Believe it or not, The Beaver State is one of just five states in the U.S. that are without a sales tax. The others include New Hampshire, Montana, Delaware, and Alaska.
According to Investopedia, states are not subject to federal regulation when it comes to sales tax laws, which means that each state can control its own base sales tax rate. There can also be taxes for residents and visitors to pay for a variety of retail-related services. Just look at Montana, which has up to a 3% sales tax in popular tourist areas and resort towns. Or Alaska, where there’s a 5% sales tax in the city of Juneau. The rest of the cities in the state can impose a sales tax on certain goods and services, too.
And, while we’re on the list of sales tax-free states, that doesn’t mean cities and municipalities have to go completely sales-tax free. For example, Yachats and Ashland—both popular tourist destinations—charge a 5% sales tax on prepared food and nonalcoholic beverages. Leaders in both cities have said in the past the sales tax has proved to be a reliable way to pay for new infrastructure, according to an article published in the Bend Bulletin back in 2008.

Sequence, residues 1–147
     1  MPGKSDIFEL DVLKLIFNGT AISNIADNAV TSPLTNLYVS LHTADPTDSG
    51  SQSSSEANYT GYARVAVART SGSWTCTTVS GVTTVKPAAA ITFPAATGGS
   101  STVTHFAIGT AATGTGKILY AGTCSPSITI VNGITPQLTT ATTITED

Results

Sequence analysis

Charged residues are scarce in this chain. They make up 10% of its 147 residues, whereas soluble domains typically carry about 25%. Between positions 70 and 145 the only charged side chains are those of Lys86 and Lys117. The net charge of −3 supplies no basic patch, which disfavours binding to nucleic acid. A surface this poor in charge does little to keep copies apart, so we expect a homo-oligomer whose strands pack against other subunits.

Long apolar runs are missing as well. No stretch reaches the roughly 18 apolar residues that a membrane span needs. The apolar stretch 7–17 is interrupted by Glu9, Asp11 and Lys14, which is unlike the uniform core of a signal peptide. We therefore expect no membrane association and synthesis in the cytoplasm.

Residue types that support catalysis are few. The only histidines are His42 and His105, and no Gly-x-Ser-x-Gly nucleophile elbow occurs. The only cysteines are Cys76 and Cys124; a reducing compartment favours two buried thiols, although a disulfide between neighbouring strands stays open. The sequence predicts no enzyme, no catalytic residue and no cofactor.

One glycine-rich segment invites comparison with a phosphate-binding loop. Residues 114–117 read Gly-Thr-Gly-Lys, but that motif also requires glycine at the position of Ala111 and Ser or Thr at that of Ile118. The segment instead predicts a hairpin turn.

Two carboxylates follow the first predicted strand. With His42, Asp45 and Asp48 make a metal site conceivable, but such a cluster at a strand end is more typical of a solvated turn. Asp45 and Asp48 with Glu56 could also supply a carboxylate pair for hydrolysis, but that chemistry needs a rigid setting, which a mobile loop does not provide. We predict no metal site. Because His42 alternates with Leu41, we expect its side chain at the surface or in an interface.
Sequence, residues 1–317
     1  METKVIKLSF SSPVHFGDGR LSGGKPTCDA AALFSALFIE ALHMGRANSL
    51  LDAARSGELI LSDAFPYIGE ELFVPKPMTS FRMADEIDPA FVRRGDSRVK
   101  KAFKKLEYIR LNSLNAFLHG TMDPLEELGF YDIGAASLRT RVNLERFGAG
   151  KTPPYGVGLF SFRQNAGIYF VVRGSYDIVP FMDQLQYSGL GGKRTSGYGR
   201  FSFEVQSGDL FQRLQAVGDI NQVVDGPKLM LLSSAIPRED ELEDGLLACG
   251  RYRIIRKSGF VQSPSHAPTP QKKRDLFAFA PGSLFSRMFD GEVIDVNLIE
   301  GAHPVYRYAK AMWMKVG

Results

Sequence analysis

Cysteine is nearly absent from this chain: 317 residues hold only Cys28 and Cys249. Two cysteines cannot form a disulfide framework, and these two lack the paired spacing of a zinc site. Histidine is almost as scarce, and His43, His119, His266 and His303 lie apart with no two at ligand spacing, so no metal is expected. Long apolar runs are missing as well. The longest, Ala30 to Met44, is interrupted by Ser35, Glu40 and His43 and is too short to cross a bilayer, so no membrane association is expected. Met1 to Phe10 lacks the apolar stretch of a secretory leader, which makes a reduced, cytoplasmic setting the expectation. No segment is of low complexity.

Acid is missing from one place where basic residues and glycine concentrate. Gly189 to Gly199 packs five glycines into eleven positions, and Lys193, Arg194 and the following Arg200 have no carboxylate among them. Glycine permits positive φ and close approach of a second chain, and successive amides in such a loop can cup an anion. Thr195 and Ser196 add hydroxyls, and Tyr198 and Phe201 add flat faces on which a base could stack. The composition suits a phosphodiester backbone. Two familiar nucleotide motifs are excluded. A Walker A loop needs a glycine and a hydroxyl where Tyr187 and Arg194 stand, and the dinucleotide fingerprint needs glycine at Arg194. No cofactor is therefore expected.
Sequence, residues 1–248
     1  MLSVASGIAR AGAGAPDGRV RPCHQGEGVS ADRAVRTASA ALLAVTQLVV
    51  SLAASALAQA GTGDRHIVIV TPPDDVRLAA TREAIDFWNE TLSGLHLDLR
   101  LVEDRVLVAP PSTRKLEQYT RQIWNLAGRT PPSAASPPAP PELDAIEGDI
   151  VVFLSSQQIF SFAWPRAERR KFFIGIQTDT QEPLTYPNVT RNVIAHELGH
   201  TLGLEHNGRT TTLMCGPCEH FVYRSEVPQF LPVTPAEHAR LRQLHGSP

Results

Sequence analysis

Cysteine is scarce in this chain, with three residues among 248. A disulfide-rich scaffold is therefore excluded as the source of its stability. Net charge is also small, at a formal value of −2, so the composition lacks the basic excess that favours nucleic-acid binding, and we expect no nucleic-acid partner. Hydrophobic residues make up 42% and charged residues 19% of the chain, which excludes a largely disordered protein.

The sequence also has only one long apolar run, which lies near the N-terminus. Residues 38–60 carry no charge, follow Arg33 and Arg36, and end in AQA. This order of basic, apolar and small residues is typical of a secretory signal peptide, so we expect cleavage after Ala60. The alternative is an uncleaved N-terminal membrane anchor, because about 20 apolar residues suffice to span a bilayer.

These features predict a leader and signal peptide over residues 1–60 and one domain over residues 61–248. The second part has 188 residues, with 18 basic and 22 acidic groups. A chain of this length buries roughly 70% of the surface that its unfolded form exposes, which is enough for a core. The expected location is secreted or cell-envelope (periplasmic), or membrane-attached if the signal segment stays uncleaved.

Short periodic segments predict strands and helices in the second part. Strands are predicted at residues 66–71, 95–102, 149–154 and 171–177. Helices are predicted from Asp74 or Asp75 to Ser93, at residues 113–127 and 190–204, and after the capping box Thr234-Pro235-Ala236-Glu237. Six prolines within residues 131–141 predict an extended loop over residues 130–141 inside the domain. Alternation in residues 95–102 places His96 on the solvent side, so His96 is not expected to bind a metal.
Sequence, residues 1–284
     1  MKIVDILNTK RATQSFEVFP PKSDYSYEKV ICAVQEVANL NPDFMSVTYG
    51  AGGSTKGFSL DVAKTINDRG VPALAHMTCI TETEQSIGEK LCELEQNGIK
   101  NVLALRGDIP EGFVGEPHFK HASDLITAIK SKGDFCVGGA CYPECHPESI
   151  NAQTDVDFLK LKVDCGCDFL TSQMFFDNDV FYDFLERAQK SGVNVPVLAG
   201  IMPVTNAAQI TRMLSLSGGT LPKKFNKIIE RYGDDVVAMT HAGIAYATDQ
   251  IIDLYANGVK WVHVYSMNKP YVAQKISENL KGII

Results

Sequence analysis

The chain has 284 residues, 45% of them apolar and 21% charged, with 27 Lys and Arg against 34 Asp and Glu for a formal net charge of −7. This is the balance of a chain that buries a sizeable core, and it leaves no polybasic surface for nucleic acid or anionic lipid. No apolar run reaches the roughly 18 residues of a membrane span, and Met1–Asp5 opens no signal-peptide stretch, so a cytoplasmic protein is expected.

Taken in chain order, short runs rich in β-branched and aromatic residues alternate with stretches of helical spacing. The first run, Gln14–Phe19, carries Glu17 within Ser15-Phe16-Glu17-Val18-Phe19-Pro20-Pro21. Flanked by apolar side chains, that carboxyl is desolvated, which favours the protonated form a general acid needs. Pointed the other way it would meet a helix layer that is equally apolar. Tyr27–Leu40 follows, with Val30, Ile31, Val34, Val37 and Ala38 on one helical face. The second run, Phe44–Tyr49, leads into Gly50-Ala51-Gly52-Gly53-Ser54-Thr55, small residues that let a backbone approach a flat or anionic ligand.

Sure, a general sales tax for the entire state has been considered in the past, and yet it’s 2016, and we’re still chugging along without one. State politicians have argued that it could be a way to raise a lot of money. And the numbers don’t lie. In 2013, The Oregonian reported that a 2.5% sales tax could have the potential to raise more than $3 billion in just over two years—an amount that could fill in a funding gap created by property tax limits set in the 1990s. Voters in past elections, however, have slammed down such proposals on the ballot.
What does that mean for Oregonians when it comes to funding our fair state? We rely more on income tax to pay for things. Other taxes are in there helping out, too, like personal incomes, incomes on the corporate level, monies collected from vehicle licenses, and property taxes.
To say that living in a sales tax-free state might cause budgeting hiccups at the state government level from time to time is fair, but every system has its issues. In the meantime, we get our beer, late-night Chinese takeout from Safeway (that counts as prepared food), and outlet shopping items for less when paying at the counter.
By Abbie Tumbleson